Shapely Circles

Perform well-shaped circles in patterns with this exercise.

Lesson Objective
If you compete: Perfect pattern execution requires keeping circles symmetrical and well-shaped—though not necessarily perfectly round. Use this exercise to achieve optimal circle presentation.
If you don’t: Use this exercise to enhance your control and improve your horse’s guiding capabilities.

Circles are key components to pattern classes, from horsemanship and trail to reining. You can gain or lose big points, just based on your ability to guide your horse through a well-shaped circle. With practice of this exercise, you’ll keep yourself on the gaining side and be confident that you have control of your horse’s ability to guide and follow your cues.
Outfit your horse in working tack for practice, but if you show one-handed in a shanked bit, I recommend practicing that way. You can always take hold of the reins with both hands, but it’s best to start out riding one-handed.Setup four cones in a square for you to jog or lope a circle inside. Begin with the cones 30 feet apart; then advance to cones set 20 feet apart. You’ll probably be surprised to figure out that your horse does better in the smaller circle. A circle in the smaller space is a shorter distance, so there’s less time for the horse to make a mistake.

1. When executing the circle, make each “corner” round at the cone, so you complete a well-shaped circle, even though you have straight points on the “sides.” Circles in horsemanship, reining, and trail patterns tend to be more D-shaped than truly round, which is better for pattern flow.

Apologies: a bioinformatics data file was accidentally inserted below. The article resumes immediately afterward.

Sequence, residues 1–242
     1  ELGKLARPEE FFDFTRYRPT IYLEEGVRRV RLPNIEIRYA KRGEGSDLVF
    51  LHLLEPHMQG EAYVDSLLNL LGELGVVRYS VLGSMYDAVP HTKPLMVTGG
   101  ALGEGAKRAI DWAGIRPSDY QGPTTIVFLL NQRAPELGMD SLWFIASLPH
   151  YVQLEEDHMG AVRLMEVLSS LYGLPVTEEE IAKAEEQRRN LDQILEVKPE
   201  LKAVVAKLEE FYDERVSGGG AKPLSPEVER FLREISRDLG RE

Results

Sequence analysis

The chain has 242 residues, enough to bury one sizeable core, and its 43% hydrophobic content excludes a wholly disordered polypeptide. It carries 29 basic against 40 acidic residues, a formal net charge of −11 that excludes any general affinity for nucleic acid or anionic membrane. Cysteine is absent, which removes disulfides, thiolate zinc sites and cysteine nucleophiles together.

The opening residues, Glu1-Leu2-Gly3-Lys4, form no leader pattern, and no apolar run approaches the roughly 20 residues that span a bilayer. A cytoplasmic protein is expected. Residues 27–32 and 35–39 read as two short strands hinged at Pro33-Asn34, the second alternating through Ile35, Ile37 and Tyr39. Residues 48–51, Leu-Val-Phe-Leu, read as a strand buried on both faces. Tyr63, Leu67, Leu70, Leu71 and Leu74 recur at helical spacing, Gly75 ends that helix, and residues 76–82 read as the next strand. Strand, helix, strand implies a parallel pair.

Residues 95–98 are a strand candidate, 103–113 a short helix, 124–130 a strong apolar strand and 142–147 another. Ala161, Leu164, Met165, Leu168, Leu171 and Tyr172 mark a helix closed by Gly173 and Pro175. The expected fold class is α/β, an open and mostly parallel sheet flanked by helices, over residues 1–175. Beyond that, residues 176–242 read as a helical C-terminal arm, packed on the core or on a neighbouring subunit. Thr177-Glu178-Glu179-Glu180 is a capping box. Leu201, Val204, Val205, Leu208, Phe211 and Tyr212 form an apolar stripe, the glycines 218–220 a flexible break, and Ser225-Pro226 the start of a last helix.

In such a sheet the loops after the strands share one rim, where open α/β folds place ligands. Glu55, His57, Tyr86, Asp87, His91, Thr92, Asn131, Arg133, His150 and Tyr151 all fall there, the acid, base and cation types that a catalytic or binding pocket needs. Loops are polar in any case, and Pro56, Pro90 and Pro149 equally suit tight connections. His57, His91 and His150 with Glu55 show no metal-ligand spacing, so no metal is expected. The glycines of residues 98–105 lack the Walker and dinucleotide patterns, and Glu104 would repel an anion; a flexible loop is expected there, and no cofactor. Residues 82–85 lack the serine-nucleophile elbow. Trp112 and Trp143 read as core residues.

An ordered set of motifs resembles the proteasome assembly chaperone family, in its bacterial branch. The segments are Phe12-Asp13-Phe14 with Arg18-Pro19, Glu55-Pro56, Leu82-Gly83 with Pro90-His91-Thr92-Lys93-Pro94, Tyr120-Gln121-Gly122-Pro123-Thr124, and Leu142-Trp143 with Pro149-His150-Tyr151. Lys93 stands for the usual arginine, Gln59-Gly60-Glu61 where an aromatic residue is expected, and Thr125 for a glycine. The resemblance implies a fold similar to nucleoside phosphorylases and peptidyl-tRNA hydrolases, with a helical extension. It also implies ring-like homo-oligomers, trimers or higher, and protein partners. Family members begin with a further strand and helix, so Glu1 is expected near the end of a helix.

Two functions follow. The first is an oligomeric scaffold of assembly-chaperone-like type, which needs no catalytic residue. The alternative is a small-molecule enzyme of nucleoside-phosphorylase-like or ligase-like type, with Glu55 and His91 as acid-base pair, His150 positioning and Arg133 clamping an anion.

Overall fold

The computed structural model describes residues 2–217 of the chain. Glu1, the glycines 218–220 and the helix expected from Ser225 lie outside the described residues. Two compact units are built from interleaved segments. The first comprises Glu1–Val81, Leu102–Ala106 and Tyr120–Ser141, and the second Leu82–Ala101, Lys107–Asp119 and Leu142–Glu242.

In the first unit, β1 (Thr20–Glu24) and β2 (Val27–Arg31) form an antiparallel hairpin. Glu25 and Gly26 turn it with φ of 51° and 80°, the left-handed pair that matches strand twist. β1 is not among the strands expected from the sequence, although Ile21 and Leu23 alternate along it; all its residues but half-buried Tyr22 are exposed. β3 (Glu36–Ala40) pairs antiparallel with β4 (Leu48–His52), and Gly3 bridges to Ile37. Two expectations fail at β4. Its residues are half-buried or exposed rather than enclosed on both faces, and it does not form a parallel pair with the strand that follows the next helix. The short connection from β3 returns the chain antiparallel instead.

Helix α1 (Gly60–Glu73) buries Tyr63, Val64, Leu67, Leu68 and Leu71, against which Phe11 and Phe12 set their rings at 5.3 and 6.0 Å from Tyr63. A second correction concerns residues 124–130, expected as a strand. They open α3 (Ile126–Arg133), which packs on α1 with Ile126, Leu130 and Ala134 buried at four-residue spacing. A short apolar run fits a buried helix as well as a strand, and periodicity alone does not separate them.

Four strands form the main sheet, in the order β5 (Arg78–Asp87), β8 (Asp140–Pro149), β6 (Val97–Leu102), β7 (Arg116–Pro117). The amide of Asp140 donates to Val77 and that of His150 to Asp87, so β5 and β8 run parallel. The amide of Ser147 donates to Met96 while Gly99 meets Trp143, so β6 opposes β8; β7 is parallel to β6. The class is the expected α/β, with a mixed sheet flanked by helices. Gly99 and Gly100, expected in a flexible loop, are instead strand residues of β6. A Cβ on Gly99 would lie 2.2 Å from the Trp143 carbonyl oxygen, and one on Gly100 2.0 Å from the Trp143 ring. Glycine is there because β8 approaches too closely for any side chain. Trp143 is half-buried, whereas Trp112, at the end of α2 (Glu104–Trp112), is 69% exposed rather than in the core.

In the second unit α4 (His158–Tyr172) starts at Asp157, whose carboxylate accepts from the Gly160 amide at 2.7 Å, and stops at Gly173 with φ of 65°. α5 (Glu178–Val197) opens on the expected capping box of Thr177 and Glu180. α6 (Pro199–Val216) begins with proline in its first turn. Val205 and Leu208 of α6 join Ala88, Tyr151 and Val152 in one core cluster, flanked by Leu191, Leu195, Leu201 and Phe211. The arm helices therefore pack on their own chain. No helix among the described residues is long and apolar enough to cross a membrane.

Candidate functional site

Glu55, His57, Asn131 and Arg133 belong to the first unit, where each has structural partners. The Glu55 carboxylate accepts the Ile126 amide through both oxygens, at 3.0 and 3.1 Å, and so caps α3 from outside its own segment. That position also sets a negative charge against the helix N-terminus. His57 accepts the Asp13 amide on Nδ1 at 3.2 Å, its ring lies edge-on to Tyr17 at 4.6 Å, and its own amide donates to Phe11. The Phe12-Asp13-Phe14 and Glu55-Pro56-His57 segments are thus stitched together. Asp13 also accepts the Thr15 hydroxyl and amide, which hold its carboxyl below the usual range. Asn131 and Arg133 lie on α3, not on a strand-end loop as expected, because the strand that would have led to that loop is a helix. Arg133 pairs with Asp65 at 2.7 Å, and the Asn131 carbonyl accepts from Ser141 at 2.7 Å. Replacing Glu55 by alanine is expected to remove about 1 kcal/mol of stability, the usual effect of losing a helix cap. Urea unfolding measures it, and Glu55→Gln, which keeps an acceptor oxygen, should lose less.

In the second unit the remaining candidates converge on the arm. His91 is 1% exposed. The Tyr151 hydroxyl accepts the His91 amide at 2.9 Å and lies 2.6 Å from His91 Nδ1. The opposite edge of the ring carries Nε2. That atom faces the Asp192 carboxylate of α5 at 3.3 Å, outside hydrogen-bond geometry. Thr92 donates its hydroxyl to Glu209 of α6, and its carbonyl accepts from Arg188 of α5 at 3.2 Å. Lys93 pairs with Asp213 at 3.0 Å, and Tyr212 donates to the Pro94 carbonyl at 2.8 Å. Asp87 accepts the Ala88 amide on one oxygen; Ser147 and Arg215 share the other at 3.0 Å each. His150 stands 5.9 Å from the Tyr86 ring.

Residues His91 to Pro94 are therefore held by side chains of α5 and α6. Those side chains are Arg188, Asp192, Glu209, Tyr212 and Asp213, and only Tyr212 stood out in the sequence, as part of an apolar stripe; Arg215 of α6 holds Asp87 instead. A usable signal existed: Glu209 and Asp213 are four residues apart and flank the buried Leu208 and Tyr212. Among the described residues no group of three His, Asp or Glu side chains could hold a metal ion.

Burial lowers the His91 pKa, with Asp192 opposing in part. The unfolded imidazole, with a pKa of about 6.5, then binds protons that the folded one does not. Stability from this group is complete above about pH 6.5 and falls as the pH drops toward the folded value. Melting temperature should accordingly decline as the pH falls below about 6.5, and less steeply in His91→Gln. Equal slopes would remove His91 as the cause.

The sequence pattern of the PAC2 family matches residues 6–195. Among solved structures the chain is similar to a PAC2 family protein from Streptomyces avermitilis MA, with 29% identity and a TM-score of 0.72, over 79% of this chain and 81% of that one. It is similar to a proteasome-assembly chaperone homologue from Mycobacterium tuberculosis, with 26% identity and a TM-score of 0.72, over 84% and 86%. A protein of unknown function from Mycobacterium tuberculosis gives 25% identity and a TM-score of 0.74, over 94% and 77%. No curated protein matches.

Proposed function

2. Think about keeping your horse straight one stride before and after 12:00, 3:00 (my position in this photo), 6:00, and 9:00 with every circle you make. These quarter points are where things happen—places where the pattern calls for a lead change, stop and turn, or transition. Your horse must be straight to correctly perform these maneuvers, so it makes sense to keep him straight through this portion of the circle.

3. If you feel your horse drag on you or resist as you try to steer him through a round corner, increase the degree of difficulty by making him square the corners. He’ll realize that it’s easier to round the corner, following your guidance, than it is to make a sharp turn at the corner.

4. Maintain light contact on the bit. This degree of contact is required for pattern classes, so that you can guide your horse. Working with this level of contact at home will accustom your horse to it, and practicing in the same way you’ll show can only increase your level of success.

5. This drape of rein is inappropriate for horsemanship. Not only is it unsafe, because it’s impossible to control a horse on this drape, you need contact with the bit to guide your horse through any maneuver. No contact means you can’t rein your horse through a circle, which makes it impossible to keep him straight at the quarters and round in the corners, and keep his body in proper position.

6. Too-tight contact, as shown here, will cause your horse to brace against you. Here, my horse is swishing his tail and gaping his mouth to show his displeasure with my keeping such a tight hold on him.

7. When your horse follows your guide, keeps his shoulders straight up, and stays straight at the “quarters,” reward him by stopping and patting him.

CHAD EVANS Parker, Colorado. Chad trains Western all-around horses for open, amateur, and youth competition at Evans Performance Horses. He’s an American Quarter Horse Association judge and a member of the registry’s Professional Horsemen’s Association.

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